A nonprofit organization, School Choice Ohio, filed a public-records request seeking names and contact information for students in the Springfield district, hoping to send their families information about financial assistance for options to public school. The district only partially fulfilled the request, claiming that the information was not a public record and could not be released because of FERPA.
Relying on the 2011 rule change, Springfield city schools maintained a selective directory information policy enabling the superintendent to pick and choose who could receive records. But the Ohio court found that the federal rule couldn’t override state laws that make disclosure mandatory.
The Ohio court decided that, having told parents that Springfield’s directory-information policy allowed disclosure to “community organizations” and “school-related organizations,” the superintendent could not rely on the federal rule to single out only certain community organizations to receive information.
Then in February 2019, the Tennessee Court of Appeals followed suit. In a 3-0 ruling, the judges rejected the Nashville Board of Public Education’s contention that, because the Department of Education’s FERPA interpretation made disclosure optional, the state could not compel districts to disclose directory information.
In simple terms, the court explained, when the federal government says “you may choose to release information,” that means there’s no federal prohibition against release—which means the state disclosure law applies.
While there’s a growing legal consensus that the department overstepped its authority in adopting the 2011 discriminatory access rule, further conflict is inevitable as long as the rule remains on the books.
Over the decades of FERPA’s history, the department has insisted that it is uninterested in trying to harmonize the statute with state open-government laws, because it does not regard school transparency or accountability as a priority.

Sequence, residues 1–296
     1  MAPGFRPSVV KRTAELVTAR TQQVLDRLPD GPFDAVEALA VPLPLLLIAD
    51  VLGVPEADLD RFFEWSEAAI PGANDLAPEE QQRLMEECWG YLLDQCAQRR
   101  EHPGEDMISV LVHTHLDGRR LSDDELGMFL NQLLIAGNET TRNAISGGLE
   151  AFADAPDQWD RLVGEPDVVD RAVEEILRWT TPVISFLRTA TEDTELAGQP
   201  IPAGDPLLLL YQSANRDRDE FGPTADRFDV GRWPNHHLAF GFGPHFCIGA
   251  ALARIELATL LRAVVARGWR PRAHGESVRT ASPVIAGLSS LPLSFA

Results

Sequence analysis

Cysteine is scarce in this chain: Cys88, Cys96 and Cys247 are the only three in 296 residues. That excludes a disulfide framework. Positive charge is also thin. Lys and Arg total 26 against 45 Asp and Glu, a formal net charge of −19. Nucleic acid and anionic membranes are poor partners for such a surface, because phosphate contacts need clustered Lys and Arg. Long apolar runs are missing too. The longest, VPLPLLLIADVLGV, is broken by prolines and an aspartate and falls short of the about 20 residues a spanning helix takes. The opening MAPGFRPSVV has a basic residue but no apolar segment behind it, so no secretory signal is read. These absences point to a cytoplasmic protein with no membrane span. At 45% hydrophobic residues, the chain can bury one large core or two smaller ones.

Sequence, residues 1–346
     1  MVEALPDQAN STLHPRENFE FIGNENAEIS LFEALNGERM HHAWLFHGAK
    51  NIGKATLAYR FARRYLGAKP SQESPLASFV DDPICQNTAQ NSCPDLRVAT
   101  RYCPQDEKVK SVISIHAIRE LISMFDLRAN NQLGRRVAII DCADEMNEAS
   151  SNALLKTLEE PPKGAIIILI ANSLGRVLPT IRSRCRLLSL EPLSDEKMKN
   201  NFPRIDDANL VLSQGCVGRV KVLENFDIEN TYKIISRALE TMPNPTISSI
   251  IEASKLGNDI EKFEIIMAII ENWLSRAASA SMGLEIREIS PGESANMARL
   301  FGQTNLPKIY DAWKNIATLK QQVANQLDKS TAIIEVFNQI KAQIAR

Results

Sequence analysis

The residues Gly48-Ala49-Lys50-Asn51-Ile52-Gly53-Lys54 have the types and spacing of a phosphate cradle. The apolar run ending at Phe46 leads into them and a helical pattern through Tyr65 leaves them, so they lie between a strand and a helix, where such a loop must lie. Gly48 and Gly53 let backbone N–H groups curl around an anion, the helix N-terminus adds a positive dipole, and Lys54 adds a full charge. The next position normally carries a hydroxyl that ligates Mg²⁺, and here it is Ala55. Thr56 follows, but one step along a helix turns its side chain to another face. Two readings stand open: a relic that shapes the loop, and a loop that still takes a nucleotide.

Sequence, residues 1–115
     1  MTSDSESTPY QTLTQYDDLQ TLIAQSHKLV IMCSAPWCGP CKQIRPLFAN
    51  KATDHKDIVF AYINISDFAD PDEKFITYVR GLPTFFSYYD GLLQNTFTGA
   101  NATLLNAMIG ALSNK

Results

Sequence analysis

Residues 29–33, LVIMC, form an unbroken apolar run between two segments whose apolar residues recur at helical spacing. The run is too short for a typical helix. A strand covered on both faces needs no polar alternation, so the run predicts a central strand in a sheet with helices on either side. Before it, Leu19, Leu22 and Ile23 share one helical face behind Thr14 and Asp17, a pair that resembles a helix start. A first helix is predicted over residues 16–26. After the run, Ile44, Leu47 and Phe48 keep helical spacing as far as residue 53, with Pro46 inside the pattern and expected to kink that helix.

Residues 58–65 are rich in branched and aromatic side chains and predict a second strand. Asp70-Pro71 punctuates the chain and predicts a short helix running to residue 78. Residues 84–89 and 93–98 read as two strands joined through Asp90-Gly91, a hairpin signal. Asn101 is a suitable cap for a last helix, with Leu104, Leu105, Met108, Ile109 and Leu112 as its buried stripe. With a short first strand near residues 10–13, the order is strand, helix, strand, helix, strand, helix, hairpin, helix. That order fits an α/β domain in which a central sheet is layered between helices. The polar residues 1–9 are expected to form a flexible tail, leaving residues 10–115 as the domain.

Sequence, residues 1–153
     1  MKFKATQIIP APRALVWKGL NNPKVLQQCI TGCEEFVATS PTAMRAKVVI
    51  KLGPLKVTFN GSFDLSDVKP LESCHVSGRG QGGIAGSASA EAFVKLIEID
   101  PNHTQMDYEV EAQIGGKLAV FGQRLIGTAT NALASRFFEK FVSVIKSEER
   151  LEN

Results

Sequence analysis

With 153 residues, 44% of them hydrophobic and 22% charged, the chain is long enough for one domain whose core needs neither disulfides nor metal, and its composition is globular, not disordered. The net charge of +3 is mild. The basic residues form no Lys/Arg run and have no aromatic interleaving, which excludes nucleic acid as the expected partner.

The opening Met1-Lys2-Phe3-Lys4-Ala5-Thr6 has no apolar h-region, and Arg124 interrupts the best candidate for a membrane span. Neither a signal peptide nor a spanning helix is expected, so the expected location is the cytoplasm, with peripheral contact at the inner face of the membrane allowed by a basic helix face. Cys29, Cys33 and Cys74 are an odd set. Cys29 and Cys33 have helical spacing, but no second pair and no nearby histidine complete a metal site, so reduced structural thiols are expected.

The Ohio and Tennessee rulings follow a pattern almost as old as the 45-year-old privacy law itself: The department adopts an unreasonably broad interpretation to serve the secrecy interests of educational institutions, and the courts must fix it.
It’s what happened, for instance, when the department tried to stretch FERPA to enable colleges to conceal crime reports maintained by campus police. It took years of unnecessary court battles before, grudgingly, the department agreed to correct the mistake. In recent years, courts have agreed that the department is wrong to categorize videos shot by school surveillance cameras as FERPA records. As schools fortify their police presence, the public needs access to video footage to keep schools safe and accountable.
Recently, the Education Department served notice that it plans to issue a rule in February 2020 updating its privacy-compliance regimen. FERPA is a disastrously broken statute that is in need of multiple repairs, but the easiest fix of all would be repealing the failed selective disclosure policy, to bring directory information back into harmony with the way courts (correctly) understand it.
If the U.S. Department of Education will not act, Congress must. The irrational discriminatory access rule should be overruled, and the public’s entitlement to the basic who-what-where information that makes schools function more efficiently should be fully restored.